to serve in this capacity.”Williams' retirement came with some controversy. After he resigned, the UC Board of Trustees gave Williams a $1.3 million severance package. The package was criticized by Ohio Rep. Connie Pillich, a Cincinnati Democrat who said in a statement, “I was
disappointed to learn that the University agreed to continue paying
former President Greg Williams a sum of $1.3 million over the next two
years, considering the former president abruptly resigned six days
before classes were to start this fall. It is disheartening to see such
a great deal of public money spent in a manner that is inconsistent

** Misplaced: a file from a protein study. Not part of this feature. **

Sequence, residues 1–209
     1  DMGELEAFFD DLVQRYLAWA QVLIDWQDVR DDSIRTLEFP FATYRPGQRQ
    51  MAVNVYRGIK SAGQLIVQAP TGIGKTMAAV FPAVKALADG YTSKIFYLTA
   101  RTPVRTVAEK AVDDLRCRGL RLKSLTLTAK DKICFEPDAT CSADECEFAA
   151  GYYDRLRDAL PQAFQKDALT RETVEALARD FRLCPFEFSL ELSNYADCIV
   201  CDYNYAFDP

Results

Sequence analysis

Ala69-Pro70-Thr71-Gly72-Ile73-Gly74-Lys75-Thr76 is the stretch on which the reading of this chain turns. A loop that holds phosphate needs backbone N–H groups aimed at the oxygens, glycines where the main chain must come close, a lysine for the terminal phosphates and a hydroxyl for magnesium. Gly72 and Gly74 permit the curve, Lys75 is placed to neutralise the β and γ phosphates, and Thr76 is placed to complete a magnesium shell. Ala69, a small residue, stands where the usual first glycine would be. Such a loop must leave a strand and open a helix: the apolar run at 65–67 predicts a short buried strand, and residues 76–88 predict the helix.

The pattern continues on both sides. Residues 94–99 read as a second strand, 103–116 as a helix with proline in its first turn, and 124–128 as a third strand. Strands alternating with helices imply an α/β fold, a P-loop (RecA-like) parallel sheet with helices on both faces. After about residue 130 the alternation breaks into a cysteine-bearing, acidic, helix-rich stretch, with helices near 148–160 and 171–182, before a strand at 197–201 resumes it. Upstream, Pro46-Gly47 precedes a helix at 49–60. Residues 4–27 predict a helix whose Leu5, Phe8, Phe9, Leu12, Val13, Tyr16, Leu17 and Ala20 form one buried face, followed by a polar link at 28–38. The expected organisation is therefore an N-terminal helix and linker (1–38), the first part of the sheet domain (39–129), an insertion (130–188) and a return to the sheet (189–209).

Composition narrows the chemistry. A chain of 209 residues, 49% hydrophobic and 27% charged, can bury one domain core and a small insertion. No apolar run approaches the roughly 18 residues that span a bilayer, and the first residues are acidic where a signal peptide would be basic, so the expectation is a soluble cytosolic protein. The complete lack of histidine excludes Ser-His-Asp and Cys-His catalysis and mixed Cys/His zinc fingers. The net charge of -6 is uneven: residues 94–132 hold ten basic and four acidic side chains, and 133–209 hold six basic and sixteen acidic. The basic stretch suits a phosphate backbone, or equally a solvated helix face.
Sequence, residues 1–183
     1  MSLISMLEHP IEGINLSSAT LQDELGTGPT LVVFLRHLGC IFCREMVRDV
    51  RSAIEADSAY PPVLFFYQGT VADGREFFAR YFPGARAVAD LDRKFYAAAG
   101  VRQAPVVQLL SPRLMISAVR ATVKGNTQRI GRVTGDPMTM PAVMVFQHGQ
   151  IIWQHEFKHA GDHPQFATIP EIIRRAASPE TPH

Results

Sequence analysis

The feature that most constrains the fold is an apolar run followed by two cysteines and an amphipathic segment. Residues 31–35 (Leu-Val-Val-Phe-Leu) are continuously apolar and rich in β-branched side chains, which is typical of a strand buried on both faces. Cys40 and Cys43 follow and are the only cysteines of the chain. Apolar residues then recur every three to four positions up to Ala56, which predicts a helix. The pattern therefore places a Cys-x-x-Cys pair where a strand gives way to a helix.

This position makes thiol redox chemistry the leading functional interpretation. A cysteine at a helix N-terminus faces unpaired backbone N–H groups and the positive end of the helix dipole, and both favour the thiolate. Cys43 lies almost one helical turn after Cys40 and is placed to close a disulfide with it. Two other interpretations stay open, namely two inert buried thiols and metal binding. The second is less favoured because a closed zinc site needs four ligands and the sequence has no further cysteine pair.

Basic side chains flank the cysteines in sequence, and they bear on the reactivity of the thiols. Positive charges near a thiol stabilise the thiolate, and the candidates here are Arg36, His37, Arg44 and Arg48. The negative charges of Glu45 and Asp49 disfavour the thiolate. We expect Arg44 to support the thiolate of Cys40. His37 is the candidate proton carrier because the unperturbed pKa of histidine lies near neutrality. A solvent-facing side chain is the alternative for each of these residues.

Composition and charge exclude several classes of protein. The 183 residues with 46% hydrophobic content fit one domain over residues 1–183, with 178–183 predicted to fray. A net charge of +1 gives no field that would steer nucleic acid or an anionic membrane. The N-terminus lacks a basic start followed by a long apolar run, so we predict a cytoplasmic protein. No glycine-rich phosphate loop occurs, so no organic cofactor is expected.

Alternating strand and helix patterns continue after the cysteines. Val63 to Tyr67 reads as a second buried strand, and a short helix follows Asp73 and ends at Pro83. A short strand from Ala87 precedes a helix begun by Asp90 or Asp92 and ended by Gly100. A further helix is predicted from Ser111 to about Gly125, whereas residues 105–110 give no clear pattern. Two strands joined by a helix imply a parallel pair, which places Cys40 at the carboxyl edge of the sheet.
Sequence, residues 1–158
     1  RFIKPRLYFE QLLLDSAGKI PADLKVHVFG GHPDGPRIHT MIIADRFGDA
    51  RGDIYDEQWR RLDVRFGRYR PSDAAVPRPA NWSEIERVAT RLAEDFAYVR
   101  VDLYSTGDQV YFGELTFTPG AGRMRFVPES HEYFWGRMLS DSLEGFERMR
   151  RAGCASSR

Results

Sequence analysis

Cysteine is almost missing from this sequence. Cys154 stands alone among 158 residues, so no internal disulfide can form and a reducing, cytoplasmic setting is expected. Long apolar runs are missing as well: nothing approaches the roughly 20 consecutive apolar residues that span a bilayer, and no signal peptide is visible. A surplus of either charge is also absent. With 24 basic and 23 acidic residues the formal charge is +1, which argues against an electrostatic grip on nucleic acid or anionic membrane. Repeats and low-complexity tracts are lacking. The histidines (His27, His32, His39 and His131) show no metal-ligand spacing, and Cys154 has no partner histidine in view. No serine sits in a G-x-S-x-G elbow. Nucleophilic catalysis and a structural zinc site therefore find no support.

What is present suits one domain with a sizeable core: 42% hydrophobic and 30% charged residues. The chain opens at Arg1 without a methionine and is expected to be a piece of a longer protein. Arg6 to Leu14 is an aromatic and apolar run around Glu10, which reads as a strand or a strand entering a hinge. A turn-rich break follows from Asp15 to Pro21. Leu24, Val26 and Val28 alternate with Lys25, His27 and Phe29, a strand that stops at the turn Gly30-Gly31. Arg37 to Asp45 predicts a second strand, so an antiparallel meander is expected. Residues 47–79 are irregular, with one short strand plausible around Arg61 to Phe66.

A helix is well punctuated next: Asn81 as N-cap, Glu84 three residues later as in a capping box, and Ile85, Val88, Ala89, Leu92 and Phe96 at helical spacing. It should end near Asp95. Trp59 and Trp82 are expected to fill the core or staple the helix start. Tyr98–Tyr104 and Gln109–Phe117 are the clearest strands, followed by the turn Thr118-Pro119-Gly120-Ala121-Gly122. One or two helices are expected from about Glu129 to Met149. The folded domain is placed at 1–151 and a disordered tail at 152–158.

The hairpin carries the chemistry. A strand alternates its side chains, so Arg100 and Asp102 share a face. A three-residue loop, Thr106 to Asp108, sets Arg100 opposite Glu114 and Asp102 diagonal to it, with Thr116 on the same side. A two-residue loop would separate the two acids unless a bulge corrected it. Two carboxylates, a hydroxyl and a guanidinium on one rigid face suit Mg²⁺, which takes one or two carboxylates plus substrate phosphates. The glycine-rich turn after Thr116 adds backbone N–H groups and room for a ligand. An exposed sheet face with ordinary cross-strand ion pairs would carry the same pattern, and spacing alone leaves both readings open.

with the financial realities many colleges, students, and families face
in the current economy. … The University’s tuition increase of 3.5
percent this year means students and families must incur a greater
financial burden at a time when many are struggling to make ends meet.
Certainly Mr. Williams’ payday will weigh on the minds of these
students and parents, leaving them to wonder, ‘Does this kind of
decision result in tuition and fee increases?’”There was also some controversy involving The Cincinnati Enquirer. The newspaper's publisher and president, Margaret Buchanan, was serving on the UC Board of Trustees when Greg Williams stepped down, but The Enquirer failed to mention asking her about the resignation — an omission that raised questions for Jim Romenesko, a popular journalism blogger. In at least six follow-up stories, the newspaper also failed to mention Buchanan's connection to UC. Buchanan later resigned from the UC Board of Trustees to end the potential impression of a conflict of interest.